After years of holding Toro de la Vega, a medieval bull festival that Spaniards celebrate in the town of Tordesillas every September, the torture and killing of bulls has officially been banned by Spain’s Supreme Court.
During the fiesta, several participants ride their horses and wield their spears while chasing the bulls out of the town into other surrounding areas. Hundreds of lancers are involved, who try to stab the bull multiple times until it dies in the open fields.
The Castilla y Leon government banned the stabbing to death of bulls at the festival back in 2016. Tordesillas City Council wanted it back and tried to revoke the ruling, but Spain’s Supreme Court rejected their appeal, putting an end to more than 500 years of the cruelty.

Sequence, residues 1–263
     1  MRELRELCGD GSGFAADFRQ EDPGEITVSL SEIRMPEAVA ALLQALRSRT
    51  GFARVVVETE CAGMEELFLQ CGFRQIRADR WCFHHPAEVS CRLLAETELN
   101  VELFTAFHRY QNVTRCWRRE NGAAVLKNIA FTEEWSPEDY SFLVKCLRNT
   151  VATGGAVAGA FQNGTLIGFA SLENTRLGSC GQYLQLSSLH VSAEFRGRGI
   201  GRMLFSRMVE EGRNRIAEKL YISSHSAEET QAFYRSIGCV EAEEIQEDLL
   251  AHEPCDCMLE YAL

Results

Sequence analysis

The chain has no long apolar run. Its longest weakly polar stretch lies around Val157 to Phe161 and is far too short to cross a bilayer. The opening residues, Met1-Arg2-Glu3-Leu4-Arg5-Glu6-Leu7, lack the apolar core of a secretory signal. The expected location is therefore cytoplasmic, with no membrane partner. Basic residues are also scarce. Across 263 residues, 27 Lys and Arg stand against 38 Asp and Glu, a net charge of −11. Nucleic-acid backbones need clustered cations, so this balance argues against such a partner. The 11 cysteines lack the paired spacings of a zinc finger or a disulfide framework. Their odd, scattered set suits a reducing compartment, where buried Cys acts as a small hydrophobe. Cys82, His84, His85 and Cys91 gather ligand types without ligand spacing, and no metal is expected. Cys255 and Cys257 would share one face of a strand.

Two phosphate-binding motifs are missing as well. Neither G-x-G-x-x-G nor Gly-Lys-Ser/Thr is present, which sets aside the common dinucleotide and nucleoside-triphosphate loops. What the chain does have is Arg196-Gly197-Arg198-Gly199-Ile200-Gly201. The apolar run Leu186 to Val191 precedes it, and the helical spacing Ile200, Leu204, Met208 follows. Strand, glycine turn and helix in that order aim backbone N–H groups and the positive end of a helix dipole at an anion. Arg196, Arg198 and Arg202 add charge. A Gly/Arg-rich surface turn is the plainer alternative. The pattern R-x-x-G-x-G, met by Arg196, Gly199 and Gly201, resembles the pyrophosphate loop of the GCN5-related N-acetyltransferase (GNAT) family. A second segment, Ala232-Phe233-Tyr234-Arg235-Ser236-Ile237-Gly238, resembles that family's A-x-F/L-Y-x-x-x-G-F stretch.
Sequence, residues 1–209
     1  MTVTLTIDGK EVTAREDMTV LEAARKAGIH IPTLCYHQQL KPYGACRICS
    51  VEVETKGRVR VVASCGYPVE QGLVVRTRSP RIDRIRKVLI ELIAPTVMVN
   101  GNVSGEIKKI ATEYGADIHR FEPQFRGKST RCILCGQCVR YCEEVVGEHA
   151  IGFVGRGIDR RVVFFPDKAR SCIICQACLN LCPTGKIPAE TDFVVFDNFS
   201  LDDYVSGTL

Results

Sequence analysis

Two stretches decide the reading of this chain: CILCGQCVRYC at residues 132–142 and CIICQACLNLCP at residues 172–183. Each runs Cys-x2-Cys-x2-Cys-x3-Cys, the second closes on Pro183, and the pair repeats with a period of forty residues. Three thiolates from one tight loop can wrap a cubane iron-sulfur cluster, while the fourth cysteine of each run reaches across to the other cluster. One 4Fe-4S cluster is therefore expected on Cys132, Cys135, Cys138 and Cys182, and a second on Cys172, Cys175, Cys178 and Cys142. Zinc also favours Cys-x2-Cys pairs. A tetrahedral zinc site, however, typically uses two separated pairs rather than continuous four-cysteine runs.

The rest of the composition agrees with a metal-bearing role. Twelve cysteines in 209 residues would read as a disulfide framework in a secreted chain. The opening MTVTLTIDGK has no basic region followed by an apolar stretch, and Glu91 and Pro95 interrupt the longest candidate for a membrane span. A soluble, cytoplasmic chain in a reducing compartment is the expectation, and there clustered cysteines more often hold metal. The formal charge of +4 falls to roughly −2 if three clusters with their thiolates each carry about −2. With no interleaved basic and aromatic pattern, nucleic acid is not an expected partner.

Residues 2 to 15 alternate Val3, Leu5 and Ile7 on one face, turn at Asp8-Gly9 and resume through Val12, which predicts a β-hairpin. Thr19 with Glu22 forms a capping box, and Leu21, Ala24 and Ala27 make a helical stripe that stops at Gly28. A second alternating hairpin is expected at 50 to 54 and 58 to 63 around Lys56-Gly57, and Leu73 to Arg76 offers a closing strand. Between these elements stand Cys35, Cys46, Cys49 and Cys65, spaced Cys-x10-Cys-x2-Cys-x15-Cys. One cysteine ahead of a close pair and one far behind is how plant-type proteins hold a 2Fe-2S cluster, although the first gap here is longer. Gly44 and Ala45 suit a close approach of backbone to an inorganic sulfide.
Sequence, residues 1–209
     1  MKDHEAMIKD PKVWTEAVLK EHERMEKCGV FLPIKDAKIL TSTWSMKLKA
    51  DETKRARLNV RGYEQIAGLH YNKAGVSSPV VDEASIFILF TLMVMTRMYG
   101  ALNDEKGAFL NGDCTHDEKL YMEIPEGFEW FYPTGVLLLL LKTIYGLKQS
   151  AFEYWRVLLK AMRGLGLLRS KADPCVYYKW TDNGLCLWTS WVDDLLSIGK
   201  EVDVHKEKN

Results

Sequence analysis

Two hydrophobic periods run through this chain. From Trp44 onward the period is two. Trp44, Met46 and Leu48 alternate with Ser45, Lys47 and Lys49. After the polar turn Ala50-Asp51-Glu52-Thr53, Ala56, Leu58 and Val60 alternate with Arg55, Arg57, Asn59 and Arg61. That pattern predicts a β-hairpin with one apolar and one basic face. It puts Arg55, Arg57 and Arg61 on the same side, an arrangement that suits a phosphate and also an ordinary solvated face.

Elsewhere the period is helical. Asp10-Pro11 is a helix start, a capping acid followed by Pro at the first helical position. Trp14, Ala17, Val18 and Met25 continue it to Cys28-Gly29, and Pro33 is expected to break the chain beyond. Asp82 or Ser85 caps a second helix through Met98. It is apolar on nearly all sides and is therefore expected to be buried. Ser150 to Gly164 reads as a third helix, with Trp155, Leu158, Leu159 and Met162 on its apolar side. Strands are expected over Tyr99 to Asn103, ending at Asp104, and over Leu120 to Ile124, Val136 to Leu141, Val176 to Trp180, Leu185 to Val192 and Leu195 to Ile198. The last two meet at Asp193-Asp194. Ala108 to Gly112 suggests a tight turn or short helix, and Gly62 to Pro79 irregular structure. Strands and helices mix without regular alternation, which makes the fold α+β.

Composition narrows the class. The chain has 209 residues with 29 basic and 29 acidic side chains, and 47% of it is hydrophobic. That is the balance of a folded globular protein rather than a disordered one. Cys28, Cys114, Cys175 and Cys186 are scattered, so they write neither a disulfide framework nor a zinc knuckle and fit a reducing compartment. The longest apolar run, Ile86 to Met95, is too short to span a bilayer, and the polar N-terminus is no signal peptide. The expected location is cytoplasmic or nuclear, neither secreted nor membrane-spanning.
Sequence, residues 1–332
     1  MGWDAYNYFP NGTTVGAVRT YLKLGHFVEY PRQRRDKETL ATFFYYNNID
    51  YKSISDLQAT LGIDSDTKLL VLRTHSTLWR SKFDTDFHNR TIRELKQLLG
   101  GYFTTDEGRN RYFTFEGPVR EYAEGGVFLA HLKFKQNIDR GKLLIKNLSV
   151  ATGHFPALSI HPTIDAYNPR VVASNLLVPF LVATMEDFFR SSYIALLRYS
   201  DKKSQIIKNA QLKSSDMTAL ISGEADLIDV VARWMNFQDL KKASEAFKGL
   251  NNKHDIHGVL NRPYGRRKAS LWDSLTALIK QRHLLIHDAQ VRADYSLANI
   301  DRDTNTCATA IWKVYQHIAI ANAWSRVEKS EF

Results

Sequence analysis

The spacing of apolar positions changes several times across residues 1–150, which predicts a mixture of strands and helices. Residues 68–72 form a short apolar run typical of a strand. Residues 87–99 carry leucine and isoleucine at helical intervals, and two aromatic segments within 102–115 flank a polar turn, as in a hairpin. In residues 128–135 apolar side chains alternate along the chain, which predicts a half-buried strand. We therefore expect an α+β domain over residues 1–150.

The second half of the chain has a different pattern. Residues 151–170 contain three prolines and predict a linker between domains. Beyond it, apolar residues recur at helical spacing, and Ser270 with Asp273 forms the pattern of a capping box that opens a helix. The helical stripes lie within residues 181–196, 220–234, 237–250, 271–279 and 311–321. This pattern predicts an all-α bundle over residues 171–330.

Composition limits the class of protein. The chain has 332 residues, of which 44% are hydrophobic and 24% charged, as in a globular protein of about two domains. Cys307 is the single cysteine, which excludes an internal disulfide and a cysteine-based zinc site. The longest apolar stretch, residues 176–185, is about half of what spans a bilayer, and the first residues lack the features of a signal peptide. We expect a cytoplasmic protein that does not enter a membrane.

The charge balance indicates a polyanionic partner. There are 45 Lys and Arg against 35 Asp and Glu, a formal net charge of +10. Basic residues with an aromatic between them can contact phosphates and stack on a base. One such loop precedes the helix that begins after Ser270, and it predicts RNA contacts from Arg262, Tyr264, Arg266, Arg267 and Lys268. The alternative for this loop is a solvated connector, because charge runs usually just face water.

“This is an important victory in the fight against the torture and killing of sentient animals for public entertainment,” Dr. Jo Swabe, senior director of public affairs at the Humane Society International (HSI), said in a statement.
“The Spanish Supreme Court has recognized that the medieval ‘tradition’ of allowing a terrified bull to be chased to exhaustion and then stabbed to death by a spear-wielding mob has no place in modern society,” he added.
Bullfighting originated in Spain, but the country has now been creating better platforms to end the animal cruelty. Now, more than 100 Spanish towns have banned the activity.
In Mataelpino, central Spain, locals have introduced the ‘Running of the ball,’ in replacement to the annual bullfighting tradition. In this event, a giant 125kg polystyrene ball that is painted to look like a bull, is rolled through the town “chasing the citizens” who wish to partake in the activity.